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VARNISH differences - between "spirit" & "polyurethane"

Discussion in 'Setup & Repair [DB]' started by zcorsez, May 4, 2006.


  1. Hi to all

    As I am considering buying one of Strunal basses 1 simple (for someone who knwos the answer...) question comes to my mind: what's the difference between spirit and polyurethane varnishes ???

    All series of basses offered by Strunal are avaiable in both finishes, so I am nor sure which to choose.

    I've searched talkbass forum about that but have not really found the answer...

    Any help please ?
     
  2. mje

    mje

    Aug 1, 2002
    Southeast Michigan
    Spirit varnishes are made from a mixture of organic oils and resins dissolved in an organic solvents. Polyurethane varnishes are a long-chain polymer- a plastic- that cures on the surface of the instrument.

    You don't want a polyurethane varnish. Fine for cabinetry, bad for instruments. It's heavier than a spirit varnish, and difficult to touch up. It has different acoustic properties. Maybe some day a poly varish will be developed that challanges the spirit varnishes, but that hasn't happened yet.

    (Some guitar makers are using water borne polys to cope with clean air requirements, but that's because they spray on finishes.)
     
  3. John Sprague

    John Sprague Sam Shen's US Distributor

    Mar 10, 2003
    Rochester, NY
    Sales Manager, CSC Products Inc.
    I've got to think that they're using the poly to make the instruments more resistant to abuse, since their target market is primarily school systems. You shouldn't need that. Spirit also looks sexier when it ages.
     
  4. Thanks guys

    So spirit is the choice - I just wait for the cash and get one of them ... :hyper:

    Some more :
    - what's the difference= "Laminated quilted maple" and "Laminated flamed maple" ? ? ?

    - and which is better - flat or swelled back?

    I don't know if this is right place to ask these questions :bag:

    Thx in advance
     
  5. christ andronis

    christ andronis

    Nov 14, 2001
    Chicago
    Is there any advantage to re-finishing a polyurethane bass with a spirit varnish? Is it cost effective to do so on a, say, Strunal?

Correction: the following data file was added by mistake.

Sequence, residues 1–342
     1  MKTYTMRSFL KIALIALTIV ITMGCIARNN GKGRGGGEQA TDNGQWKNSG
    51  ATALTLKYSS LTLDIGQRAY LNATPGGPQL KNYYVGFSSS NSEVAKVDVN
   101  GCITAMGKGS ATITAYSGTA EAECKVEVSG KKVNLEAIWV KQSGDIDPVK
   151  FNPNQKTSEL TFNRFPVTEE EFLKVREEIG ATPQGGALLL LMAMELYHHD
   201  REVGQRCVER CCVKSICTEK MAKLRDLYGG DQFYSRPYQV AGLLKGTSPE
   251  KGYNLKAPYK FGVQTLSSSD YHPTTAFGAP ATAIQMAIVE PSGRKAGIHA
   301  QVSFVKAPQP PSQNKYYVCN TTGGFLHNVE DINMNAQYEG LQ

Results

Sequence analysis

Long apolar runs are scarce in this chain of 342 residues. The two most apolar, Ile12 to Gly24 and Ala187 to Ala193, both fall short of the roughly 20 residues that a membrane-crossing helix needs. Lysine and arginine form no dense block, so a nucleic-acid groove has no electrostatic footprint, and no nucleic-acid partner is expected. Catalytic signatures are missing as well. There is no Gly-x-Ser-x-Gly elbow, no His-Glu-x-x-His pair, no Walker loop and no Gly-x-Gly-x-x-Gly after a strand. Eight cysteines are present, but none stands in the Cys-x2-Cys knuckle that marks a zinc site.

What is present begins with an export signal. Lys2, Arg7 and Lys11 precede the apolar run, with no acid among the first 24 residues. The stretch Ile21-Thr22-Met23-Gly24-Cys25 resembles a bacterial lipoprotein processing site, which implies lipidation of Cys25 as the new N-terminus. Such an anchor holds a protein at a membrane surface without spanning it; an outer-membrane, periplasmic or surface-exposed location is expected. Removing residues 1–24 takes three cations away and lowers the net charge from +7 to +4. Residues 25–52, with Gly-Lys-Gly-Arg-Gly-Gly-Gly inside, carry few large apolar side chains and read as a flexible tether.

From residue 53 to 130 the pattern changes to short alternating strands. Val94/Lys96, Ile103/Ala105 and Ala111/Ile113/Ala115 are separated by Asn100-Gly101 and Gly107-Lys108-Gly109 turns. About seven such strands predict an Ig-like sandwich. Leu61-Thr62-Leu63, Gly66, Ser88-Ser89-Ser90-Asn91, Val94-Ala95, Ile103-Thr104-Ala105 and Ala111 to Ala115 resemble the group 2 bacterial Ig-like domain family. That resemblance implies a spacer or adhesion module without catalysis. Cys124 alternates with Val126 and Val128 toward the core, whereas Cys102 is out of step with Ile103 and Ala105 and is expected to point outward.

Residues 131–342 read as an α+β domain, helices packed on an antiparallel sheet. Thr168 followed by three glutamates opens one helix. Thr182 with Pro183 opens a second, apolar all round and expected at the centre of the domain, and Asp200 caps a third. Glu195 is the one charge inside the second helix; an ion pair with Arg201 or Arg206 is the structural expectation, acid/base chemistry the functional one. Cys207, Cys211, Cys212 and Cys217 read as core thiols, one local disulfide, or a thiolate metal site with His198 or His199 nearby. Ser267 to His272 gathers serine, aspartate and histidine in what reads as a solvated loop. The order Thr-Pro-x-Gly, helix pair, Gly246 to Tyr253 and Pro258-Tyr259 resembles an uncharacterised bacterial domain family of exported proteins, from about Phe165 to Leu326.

6. John Sprague

    John Sprague Sam Shen's US Distributor

    Mar 10, 2003
    Rochester, NY
    Sales Manager, CSC Products Inc.
    If you visit www.thetalkbasses.com, the first bass shown, Ahnold's Montagnana, is quilted. Jeff Bollbach's is flamed.
     
  7. nicklloyd

    nicklloyd Supporting Member/Luthier

    Jan 27, 2002
    Cincinnati, Ohio
    Spirit varnish is shellac flakes in alcohol. Oil varnish is a blend of oils and resins, usually in turpentine.

    If you are going to be playing outside, as well as clubs and strange venues :ninja: spirit varnish might give you troubles. It softens at much lower temperature than polyurethane. An extended period of direct sunlight/leaving the bass in a hot car can affect the finish dramatically. If the applications of poly were thin, it could be a usable finish for basses. However, Strunal lays it on very thick.

    For refinishing, a poly oil blend or drying oil (tru oil, danish oil, waterlox) would work quite well and not be susceptible to the problems of spirit.
     
  8. Brent Norton

    Brent Norton

    Sep 26, 2003
    Detroit, MI
    Remember, spirit, oil, lacquer, poly -- they're ALL films. Folks tend to forget (largely because info is often contradictory and labels are next to worthless) that straight polyurethane IS a type of modified oil varnish. Still not ideal for instruments, but acceptable when applied judiciously.
     
  9. mje

    mje

    Aug 1, 2002
    Southeast Michigan
    There is the oil-modified polyurethane varnish at the local store, which is alkyd varnish with polyurethane added, and then there is pure polyurethane. Someone working alone would use an oil modified alkyd, but a factory with a production line may well use a pure polyurethane. Although it has to be mixed just before it's sprayed, it will cure very quickly, whcih is a great advantage in a production line.

    A lot of the inexpensive Pacific rim factory guitars I've seen use what's obviously a two-part poly resin. If you see an instrument with a very thick film finish, it's probably a two-part polyurethane since an oil-modified poly won't set up well if applied that thick.
     

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